Tuesday, September 14, 2010

Mad Ministers

I saw someone on Twitter this week compare AMC's artful series "Mad Men" to the biblical book of Ecclesiastes. I see it. But I'm seeing something else, less reflective but more indicting. This is no "Gospel According to Mad Men" -- I'll leave that to Chris Seay -- but I do see in the characters certain male archetypes, rich in their falleness, that have parallel to certain ministerial archetypes. If this smacks too much of "relevance" or you have no reference point for "Mad Men," feel free to move on. But I think the show reminds me of some different pastoral types.

The Don Draper

Named for "Mad Men"'s main mad man, this is the prototypical rockstar pastor. Having once earned respect with astonishing success, he now commands it at every turn. He keeps everyone at a manageable distance and keeps his assistants and acolytes both demoralized but starving for his approval. A classic narcissist, he believes his own hype. And you better believe it too. This pastor is the toast of many towns. But he will crash and burn eventually.

The Peggy Olsen

Named for one of those Draper acolytes, always under his thumb but desperate for his smile, the Peggy Olsen type of pastor is passive aggressive, envious, secretive, and manipulative, but all from a place of sullen weakness. This pastoral type is in ministry for self-validation, to fill some void that has not been filled by the gospel. The Peggy Olsen is a sweetheart but driven personally by the burden of the Law. This pastor's prime engine runs on equal parts shame and envy.

The Roger Sterling

Named for the silver haired and silver tongued senior partner of "Mad Men"'s ad agency, this is the pastor pathetic in his desire to coast on the fumes of an old success. Roger Sterling landed Lucky Strike as a client once upon a time and parlayed that into some serious bank; he's been in autopilot ever since. He doesn't care much for doing anything now. He just wants to bask in what he's done before. This could be the pastor who wrote a popular book once upon a time or led his church to serious growth once upon a time or steered a massive building campaign once upon a time. And now he's coasting into retirement.

The Pete Campbell

My wife and I have decided that Vincent Kartheiser is a brilliant actor because we absolutely hate Pete Campbell. In my second ministry position I worked alongside a guy who was pretty much exactly like Pete. He was better than me; and he knew it. He reminded me often. He was superficial and smarmy. He stunk of ambition. This is the pastor in ministry not for ministry but to leverage any bit of power or position or prestige he can get out of it. This pastor tweets every day about how awesome he is.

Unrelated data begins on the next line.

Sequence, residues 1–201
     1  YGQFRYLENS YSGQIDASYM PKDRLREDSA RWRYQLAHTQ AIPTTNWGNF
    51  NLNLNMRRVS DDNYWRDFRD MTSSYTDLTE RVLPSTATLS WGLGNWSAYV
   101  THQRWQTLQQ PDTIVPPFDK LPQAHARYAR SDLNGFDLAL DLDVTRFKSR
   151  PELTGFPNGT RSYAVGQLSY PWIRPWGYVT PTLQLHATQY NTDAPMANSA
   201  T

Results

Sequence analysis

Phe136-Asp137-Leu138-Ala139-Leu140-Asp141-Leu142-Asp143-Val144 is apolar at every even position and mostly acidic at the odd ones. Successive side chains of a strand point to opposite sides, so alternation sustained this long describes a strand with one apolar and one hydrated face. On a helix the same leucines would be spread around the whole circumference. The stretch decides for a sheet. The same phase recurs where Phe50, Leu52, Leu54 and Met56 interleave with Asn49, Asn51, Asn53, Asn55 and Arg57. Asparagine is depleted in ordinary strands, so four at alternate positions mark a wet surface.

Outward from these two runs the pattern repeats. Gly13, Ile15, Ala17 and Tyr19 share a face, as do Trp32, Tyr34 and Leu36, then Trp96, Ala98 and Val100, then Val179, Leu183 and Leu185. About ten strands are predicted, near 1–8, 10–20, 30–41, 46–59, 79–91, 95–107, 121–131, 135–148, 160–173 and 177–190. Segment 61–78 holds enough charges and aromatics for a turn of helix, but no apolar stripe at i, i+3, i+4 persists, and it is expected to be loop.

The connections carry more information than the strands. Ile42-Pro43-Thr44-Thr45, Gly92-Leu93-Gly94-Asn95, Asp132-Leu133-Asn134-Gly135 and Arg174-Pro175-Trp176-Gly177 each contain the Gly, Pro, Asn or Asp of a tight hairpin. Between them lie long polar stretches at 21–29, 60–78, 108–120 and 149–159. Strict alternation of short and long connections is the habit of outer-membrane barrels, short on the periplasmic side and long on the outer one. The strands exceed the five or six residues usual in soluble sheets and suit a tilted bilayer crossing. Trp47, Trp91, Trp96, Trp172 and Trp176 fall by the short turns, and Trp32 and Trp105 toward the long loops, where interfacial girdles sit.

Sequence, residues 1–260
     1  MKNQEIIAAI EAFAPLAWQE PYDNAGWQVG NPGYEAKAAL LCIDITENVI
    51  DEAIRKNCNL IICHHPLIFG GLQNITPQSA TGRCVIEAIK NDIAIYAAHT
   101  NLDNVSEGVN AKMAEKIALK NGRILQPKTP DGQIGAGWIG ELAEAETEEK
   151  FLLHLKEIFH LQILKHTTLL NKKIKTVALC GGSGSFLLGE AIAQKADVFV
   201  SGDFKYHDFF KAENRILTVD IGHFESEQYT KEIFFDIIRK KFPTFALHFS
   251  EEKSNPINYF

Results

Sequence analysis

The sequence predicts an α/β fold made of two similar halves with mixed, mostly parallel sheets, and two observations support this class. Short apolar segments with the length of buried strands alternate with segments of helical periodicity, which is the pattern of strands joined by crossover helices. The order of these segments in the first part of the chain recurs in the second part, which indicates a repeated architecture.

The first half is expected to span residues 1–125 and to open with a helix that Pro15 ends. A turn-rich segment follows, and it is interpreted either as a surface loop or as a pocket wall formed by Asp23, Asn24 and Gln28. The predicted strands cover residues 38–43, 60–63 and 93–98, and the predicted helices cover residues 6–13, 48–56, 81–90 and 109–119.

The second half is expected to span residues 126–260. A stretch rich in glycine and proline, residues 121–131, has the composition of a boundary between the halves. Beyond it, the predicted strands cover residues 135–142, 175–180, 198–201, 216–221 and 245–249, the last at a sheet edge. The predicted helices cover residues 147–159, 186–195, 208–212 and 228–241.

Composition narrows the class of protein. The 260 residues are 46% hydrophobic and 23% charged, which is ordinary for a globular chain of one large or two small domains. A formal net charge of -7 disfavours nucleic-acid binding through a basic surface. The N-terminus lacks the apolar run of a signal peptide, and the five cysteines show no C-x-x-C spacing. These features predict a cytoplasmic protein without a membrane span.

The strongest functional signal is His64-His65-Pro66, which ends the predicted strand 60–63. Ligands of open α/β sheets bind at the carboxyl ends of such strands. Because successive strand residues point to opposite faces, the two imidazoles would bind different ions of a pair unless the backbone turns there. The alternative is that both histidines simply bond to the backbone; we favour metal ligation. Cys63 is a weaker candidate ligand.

The Bert Cooper

The senior senior partner of Sterling Cooper Draper Pryce may be the only redeeming pastoral type from the show. He has seen hard-won success but isn't content to coast; he looks to the future. A pragmatist in the best sense of the word, he won't allow his personal feelings to get in the way of doing what's best for the company (as when he okayed the agency's dealings with a Japanese automaker over Roger Sterling's vehemence). The Bert Cooper is a pastor equal parts entrepreneur, folksy father figure, and "Art of War" chess master. He's also flexible, content, and even-keeled.

We need more Bert Coopers, probably.

Thank you for indulging me this throwaway post.


Bill Kinnon said...

Actually, I like this post rather a lot.

ed cyzewski said...

Clever post. A very interesting read. HT to Bill for the Twitter link to here.

Having said that, I'm deeply worried that our pastoral types match up so well... Yikes!

chuckazooloo said...

as a huge fan of the show, that might be one of the best posts i've ever read about archetypes. the sad thing is, i personally know every pastor on that list. and have worked with Roger and Pete.

Pete Scribner said...

I tried watching the show. I really did. It stars John Hamm who currently is the toast of my alma mater (Mizzou-RAH!) and all the cool kids like it. I guess my efforts just confirmed what I already knew: I'm not one of the cool kids.

That being said, I'm tempted to go back and try it out again, watching it through your "Mad Ministers" lens. Frankly, even if I still don't like the show, the fact that it gave me a frame of reference for your post made it well worth the time I spent on it.

Great post, Jared. And indeed, we need more Bert Coopers.